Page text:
Mar 16

Japan and Beyond: Advice for donating after disasters

Thanks to JET alum Jim Gannon (Ehime), Director of the New York office of the Japan Center for International Exchange, for sharing this very helpful and informed Huffington Post article:

Japan and Beyond:  Advice for donating after disasters

Saundra Schimmelpfennig, Founding Director, The Charity Rater, LLC

he following is a series of dos and don’ts to help you make the best donation decisions after a disaster, like the current crisis in Japan.

Do determine if the country is accepting international assistance
With all the photos and videos of destruction on the evening news, it may seem impossible that governments would not want outside assistance. However, just because there has been a disaster does not mean that the local government and local aid organizations are not capable of reaching and helping those in need. Before sending your donation find out what, if any, assistance the government is allowing. Check to see if the aid organization you’re considering donating to is offering that same type of assistance.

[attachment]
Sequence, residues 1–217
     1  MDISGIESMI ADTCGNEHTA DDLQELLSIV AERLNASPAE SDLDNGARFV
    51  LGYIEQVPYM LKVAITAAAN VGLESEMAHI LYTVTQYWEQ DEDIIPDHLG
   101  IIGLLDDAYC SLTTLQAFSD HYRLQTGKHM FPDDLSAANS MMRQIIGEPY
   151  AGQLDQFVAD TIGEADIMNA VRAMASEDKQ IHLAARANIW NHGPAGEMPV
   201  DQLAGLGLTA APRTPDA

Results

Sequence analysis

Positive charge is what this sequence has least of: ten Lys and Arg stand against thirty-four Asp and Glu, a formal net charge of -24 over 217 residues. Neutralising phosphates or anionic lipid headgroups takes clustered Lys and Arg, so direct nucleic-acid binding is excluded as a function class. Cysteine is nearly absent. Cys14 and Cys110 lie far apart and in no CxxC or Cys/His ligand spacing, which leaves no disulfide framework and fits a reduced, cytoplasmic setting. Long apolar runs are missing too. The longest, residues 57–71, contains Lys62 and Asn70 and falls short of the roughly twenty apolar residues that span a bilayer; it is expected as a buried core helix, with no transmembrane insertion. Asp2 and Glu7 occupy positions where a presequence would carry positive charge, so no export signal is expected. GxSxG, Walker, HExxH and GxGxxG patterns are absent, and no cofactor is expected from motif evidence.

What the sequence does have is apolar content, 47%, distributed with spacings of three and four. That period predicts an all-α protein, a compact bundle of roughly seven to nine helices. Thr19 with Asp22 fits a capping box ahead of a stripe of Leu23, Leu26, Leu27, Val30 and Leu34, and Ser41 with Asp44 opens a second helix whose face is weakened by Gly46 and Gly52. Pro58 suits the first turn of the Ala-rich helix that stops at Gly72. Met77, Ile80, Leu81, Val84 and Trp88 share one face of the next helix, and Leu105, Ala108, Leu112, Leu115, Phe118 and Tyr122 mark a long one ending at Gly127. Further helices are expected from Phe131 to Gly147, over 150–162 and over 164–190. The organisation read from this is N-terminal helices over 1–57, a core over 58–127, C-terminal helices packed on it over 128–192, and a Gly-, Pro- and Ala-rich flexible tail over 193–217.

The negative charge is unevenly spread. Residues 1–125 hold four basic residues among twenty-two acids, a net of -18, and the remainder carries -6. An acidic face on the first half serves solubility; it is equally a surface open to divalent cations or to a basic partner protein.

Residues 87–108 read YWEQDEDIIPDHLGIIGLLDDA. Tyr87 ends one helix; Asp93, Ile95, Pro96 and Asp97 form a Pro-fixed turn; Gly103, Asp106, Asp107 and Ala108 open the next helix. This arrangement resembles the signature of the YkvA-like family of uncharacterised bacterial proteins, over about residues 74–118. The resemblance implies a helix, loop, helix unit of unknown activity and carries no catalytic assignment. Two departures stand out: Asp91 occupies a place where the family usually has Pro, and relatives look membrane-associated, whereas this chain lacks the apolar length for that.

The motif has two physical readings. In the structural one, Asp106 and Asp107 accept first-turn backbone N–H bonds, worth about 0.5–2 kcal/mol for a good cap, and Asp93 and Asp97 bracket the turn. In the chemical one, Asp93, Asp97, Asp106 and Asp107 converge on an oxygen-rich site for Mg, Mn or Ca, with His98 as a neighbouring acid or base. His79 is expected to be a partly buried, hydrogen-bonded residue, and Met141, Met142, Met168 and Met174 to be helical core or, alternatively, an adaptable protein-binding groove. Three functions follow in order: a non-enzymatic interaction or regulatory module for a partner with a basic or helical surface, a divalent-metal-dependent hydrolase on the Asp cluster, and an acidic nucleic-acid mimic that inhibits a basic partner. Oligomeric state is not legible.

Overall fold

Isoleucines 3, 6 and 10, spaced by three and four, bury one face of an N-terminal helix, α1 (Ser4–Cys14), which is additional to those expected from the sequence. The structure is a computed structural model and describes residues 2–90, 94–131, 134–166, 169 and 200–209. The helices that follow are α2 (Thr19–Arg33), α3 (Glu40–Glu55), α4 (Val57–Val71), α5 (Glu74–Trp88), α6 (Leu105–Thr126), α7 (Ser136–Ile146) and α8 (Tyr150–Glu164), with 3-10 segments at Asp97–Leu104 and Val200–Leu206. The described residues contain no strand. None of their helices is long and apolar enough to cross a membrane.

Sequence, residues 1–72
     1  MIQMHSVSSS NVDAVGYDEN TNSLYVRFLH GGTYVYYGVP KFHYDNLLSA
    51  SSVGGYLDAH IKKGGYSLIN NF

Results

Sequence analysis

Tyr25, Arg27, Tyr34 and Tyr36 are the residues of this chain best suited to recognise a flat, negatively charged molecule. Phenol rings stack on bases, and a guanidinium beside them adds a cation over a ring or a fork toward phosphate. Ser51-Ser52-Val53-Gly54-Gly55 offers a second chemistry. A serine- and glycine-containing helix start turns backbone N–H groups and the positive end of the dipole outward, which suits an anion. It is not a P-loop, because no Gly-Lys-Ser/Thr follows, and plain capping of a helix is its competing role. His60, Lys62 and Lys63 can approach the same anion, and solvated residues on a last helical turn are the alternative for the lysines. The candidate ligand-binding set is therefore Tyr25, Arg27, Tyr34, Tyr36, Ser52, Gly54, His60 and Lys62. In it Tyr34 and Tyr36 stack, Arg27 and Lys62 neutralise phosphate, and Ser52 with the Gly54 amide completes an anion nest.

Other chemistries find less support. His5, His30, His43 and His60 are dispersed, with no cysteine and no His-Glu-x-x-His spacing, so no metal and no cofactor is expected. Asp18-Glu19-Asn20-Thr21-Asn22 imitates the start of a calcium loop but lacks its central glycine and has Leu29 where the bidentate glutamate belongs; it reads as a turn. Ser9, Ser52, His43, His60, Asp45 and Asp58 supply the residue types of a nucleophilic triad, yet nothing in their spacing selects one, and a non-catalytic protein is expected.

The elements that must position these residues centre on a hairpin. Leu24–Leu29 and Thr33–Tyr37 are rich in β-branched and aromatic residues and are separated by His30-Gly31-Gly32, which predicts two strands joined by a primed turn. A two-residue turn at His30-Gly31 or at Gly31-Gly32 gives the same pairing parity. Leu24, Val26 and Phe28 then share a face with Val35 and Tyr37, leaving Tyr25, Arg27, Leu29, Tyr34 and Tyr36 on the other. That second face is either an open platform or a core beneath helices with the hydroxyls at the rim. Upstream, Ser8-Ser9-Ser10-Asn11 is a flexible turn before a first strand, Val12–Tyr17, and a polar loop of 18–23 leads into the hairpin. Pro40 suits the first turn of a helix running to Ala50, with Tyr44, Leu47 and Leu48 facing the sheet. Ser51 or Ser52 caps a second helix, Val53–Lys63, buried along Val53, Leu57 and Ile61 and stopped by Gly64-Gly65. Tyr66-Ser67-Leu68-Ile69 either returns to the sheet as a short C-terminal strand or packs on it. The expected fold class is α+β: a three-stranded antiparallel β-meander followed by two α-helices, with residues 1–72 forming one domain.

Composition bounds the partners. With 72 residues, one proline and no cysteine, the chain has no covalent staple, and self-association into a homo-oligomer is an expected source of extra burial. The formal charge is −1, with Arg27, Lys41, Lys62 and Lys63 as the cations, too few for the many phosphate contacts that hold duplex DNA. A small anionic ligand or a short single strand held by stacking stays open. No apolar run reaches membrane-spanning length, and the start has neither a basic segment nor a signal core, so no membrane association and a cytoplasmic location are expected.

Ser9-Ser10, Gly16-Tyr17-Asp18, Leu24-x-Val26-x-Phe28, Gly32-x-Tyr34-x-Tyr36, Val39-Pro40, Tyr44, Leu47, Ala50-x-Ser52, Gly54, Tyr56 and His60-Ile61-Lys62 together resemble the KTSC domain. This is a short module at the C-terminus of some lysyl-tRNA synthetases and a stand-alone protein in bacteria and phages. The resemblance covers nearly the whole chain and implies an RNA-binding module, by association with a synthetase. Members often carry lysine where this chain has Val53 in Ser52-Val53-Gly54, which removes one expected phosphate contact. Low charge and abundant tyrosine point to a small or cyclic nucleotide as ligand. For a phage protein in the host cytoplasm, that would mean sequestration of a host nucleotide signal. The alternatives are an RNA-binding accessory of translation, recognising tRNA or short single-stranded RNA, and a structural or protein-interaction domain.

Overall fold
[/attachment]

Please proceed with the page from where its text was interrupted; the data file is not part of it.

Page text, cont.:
Do look at a variety of nonprofits before giving
There are hundreds of organizations that respond to most disasters, take the time to evaluate a few before giving. Also, just because they have name recognition does not mean they’re best able to respond to the disaster. Look for organizations that were operating in the country before the disaster, they will be able to respond more quickly and know the local culture, politics and needs better. Giving to local organizations is great, unfortunately they can be difficult to find and may not have a website or if they do, it may not be in English.

Places to find lists of organizations involved in the recovery efforts include:

InterAction for many U.S. organizations for organizations from many different countries
Dochas for Irish aid organizations

Do look for organizations with prior experience and expertise
There is a great deal of money after well-publicized disasters. The ease of raising money makes it tempting to respond even if the organization does not have prior experience in that area. After the 2004 tsunami,


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